Mapping Public Transit Accessibility

A few months ago, I moved almost exactly one mile up Capitol Hill, from an area nearly adjacent to downtown to a more residential and quiet area. My old apartment was kitty-corner to a dance club and Occupy Seattle and had experienced a break-in where the only thing stolen was my old bike. It was a crazy and fun place to live for nearly two years.

My new neighborhood is beautiful and peaceful, but the move has added considerably more travel time to any public transit travel outside of the downtown core of Seattle. Andrew Hardin at the University of Colorado recently created an interactive visualization that demonstrates exactly how the move affected my transit times.

Trips to the neighborhoods and cities of Fremont (north), Magnolia (west), West Seattle (southwest), Georgetown (south), Kirkland (east), and Issaquah (east) are now 50 minute long hauls—all of these places were previously within 40 minutes. (Ballard remains a long haul from Capitol Hill.)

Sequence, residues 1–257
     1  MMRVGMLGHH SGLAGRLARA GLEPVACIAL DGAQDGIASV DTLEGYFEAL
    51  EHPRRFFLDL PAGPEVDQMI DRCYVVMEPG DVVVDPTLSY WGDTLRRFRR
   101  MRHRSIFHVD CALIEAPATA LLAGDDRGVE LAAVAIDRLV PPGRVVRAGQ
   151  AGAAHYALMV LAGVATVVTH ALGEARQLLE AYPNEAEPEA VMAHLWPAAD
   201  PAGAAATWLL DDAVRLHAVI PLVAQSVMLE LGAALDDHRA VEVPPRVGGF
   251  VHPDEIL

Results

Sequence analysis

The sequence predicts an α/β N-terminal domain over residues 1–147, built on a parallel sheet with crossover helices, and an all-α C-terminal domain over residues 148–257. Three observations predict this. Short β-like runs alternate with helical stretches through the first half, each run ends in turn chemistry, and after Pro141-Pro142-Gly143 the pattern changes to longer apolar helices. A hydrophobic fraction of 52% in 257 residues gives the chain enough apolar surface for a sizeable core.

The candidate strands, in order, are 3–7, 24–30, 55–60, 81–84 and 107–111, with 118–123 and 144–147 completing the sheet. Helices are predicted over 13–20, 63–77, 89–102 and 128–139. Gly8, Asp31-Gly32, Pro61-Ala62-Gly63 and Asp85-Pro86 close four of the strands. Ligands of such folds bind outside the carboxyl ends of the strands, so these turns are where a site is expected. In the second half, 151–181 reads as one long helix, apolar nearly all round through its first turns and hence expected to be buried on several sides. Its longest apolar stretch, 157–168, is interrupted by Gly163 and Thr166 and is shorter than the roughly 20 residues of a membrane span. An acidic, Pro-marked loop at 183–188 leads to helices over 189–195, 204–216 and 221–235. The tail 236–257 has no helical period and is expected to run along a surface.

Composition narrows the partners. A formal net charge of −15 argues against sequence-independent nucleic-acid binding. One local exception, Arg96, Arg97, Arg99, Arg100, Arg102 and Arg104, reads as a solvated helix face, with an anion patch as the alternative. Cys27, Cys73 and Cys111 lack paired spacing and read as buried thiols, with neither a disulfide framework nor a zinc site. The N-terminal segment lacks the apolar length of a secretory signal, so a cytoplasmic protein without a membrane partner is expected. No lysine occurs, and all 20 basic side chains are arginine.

Seattle is investing in express buses, streetcars, and rapid transit that should increase my transit range, but I still feel public transit in the city has a long way to go. These maps don't reflect the frequent bus delays that can make transfers difficult to time—one of the major advantages of rapid transit.

The King County transit system can boast, however, of being one of few systems that allows for bus-to-hike. You can see some of these options off the 520 in Issaquah (southeast). In less than two hours, I can take a series of buses to Mt. Si and hike 3,500 feet to a snow-covered peak. Now that's a different kind of accessibility!